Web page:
Employers frequently ask employees to sign arbitration agreements covering all disputes arising out of the employment relationship. Recently, the USSC issued rulings enforcing employment arbitration agreements. However, employees would much rather pursue litigation against their employers in court before a jury rather than before an arbitrator. Therefore, when a dispute arises, employees frequently try to get out of the agreement to arbitrate, especially in California where state courts are more likely to void such an agreement.
Thus, every prudent employer should ask its attorney to draft the company’s employment arbitration agreements and periodically review and revise them. These agreements should include current provisions and procedures, based on the most recent case law. Then, when a dispute arises, the employer will be better prepared to defend
against a number of challenges to the arbitration agreement.
Examples of common arguments asserted by employees seeking to avoid arbitration include:
- “But I did not read it before I signed it.”
The failure to read the agreement carefully is typically no defense, if the employee signed the agreement and he/she has the ability to read. Very limited exceptions apply, e.g. for fraud and coercion.
- “But my boss said I had to sign it if I wanted to work for the company.”
Yes, that is the procedure most of the time, take it or leave it. And that is why the courts require an employment arbitration agreement to meet certain minimum standards so it is not unconscionable.
- “But it’s not fair.”
If the agreement provides the minimum standards (neutral arbitrator, discovery process, written award, no additional costs for employee over what court costs would be, and same relief available as in court) it is likely to be enforced. If the agreement is unreasonably one-sided, then it is more difficult (or impossible) to enforce.
- “But I don’t know the rules.”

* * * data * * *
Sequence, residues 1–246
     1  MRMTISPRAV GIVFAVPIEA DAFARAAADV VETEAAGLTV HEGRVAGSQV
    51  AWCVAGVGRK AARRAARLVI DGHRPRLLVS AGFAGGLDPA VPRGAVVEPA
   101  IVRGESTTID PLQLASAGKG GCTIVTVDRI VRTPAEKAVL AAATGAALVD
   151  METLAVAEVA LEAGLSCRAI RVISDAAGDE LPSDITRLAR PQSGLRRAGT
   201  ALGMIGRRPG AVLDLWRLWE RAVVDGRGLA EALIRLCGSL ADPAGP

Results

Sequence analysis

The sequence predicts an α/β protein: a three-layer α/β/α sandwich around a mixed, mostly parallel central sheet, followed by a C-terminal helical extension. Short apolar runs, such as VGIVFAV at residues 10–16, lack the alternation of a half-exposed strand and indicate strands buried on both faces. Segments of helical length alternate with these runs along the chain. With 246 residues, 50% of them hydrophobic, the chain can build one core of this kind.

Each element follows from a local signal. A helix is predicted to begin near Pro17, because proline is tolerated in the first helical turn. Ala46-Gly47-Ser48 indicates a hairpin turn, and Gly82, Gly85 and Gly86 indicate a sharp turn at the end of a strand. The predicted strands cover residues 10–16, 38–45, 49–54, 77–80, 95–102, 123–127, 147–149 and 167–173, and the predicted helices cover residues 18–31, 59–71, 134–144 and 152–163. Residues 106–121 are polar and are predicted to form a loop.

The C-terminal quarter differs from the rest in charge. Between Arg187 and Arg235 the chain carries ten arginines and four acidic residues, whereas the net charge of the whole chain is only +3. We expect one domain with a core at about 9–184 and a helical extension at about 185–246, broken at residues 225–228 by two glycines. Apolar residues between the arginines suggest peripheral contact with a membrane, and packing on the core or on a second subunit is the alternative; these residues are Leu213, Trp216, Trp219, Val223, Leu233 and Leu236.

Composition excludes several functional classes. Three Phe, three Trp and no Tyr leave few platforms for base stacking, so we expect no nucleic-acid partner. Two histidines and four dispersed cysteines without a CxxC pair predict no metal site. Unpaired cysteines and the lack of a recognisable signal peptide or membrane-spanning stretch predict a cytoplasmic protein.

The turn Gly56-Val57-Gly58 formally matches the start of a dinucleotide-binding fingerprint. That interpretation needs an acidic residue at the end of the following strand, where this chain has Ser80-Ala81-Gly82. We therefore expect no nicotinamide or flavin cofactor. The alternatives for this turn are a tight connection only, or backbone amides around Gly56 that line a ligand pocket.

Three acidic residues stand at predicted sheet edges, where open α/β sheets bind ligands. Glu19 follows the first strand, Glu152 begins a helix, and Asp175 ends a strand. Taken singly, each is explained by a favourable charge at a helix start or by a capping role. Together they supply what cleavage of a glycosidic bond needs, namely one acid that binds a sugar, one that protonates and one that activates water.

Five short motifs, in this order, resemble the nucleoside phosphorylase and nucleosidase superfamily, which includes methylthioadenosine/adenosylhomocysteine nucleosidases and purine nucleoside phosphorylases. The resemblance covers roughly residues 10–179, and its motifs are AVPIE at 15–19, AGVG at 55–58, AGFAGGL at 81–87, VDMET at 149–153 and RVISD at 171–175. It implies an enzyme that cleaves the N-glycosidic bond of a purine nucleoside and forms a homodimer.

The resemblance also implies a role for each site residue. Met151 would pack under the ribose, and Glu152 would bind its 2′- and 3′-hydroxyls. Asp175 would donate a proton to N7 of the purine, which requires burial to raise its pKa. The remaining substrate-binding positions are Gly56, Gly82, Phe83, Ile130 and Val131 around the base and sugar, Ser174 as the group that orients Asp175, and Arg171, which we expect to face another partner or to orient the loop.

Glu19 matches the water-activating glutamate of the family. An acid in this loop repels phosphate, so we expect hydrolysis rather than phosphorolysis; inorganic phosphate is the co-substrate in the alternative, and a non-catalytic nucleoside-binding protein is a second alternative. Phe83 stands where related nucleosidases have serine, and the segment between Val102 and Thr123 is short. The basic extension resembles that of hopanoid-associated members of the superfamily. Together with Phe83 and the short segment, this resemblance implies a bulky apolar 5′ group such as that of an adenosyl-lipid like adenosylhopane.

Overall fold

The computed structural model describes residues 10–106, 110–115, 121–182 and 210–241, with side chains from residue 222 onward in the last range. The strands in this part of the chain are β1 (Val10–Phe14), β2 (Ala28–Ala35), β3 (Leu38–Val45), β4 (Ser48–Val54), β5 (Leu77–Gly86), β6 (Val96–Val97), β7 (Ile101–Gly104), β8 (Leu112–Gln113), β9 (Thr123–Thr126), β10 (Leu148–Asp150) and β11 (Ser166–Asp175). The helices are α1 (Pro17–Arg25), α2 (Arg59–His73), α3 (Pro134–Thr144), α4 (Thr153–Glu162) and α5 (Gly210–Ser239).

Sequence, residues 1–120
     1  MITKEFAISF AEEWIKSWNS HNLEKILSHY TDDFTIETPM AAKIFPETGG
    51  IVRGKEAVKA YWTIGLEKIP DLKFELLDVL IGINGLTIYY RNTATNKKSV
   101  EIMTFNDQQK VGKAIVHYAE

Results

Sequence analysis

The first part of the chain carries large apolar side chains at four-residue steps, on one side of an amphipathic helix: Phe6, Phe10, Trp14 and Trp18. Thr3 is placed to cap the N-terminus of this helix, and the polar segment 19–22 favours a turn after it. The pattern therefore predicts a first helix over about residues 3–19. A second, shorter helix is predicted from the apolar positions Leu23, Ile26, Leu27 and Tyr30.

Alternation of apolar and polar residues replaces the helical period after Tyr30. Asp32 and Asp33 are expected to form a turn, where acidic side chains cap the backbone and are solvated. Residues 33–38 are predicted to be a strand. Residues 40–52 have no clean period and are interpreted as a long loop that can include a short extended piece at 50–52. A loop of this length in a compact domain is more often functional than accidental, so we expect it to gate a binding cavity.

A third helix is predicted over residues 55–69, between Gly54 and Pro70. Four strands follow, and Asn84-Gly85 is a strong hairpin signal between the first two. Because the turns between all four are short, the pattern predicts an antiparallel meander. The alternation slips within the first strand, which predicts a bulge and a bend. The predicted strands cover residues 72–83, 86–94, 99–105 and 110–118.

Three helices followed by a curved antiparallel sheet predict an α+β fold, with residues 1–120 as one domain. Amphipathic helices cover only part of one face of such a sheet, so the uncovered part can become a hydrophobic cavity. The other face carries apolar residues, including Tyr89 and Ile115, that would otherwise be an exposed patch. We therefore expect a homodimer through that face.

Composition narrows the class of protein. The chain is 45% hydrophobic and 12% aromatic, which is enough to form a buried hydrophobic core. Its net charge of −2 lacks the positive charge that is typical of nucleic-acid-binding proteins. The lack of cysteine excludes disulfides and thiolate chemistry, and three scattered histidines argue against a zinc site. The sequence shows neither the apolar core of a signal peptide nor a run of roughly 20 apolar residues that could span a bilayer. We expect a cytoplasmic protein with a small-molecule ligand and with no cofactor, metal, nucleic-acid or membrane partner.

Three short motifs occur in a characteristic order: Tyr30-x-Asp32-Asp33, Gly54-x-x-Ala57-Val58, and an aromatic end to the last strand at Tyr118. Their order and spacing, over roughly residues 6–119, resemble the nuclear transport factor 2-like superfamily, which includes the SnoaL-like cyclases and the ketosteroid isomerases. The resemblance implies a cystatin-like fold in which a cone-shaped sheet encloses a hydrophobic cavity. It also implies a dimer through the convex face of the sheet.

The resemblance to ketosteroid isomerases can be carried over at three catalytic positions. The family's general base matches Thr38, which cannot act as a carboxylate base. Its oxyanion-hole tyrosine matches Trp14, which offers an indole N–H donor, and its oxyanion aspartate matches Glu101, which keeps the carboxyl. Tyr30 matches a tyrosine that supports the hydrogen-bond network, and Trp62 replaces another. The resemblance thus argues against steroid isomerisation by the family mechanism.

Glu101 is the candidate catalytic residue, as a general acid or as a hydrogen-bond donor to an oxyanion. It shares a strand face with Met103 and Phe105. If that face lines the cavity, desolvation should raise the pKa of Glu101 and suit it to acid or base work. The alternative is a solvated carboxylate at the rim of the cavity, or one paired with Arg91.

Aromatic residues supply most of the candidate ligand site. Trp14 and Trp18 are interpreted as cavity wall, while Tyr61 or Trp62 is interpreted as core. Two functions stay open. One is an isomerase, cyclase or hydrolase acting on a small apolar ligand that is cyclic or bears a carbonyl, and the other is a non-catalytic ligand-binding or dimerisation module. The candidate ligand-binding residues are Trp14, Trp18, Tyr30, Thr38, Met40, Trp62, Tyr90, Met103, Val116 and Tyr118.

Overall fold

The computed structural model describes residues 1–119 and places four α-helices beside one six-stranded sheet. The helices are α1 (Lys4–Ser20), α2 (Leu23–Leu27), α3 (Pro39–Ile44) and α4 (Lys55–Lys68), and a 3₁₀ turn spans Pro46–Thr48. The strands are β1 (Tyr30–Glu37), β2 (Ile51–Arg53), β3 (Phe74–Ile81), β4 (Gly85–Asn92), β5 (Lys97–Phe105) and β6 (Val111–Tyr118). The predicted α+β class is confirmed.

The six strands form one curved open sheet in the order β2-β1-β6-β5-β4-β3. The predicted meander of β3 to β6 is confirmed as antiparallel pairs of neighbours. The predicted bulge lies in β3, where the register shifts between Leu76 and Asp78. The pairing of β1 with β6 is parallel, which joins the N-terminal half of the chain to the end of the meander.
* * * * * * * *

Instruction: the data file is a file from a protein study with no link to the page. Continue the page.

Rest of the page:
If the agreement details the procedures or specifically identifies a certain set of procedures (e.g. AAA employment dispute resolution rules found at www.), the employee’s argument should fail.
- “But you cannot make me waive my right to bring a class action.”
If the agreement contains an express waiver of class claims, that waiver does not invalidate an otherwise perfectly good arbitration agreement, based on current case law. However, there are cases pending before the California Supreme Court that will shed further light on this issue.
- “But it cannot apply to claims that arose before I signed it.”
If the employee signed the agreement during his employment (rather than when he was hired), a valid question arises: Does this agreement cover all disputes that arose before and after the date the agreement was signed? The answer should be yes so long as the agreement clearly sets forth its scope.
These are only a few of the creative arguments employees’ lawyers may offer in an attempt to bring an employee’s case in court before a jury rather than in arbitration. A well-drafted arbitration agreement should withstand these attacks and many others, so the employer can avoid a jury trial.
ABOUT THE AUTHOR: English R. Bryant is the Director of Employment Services at Tyson & Mendes LLP. Contact English at 858.263.4115 or firstname.lastname@example.org.
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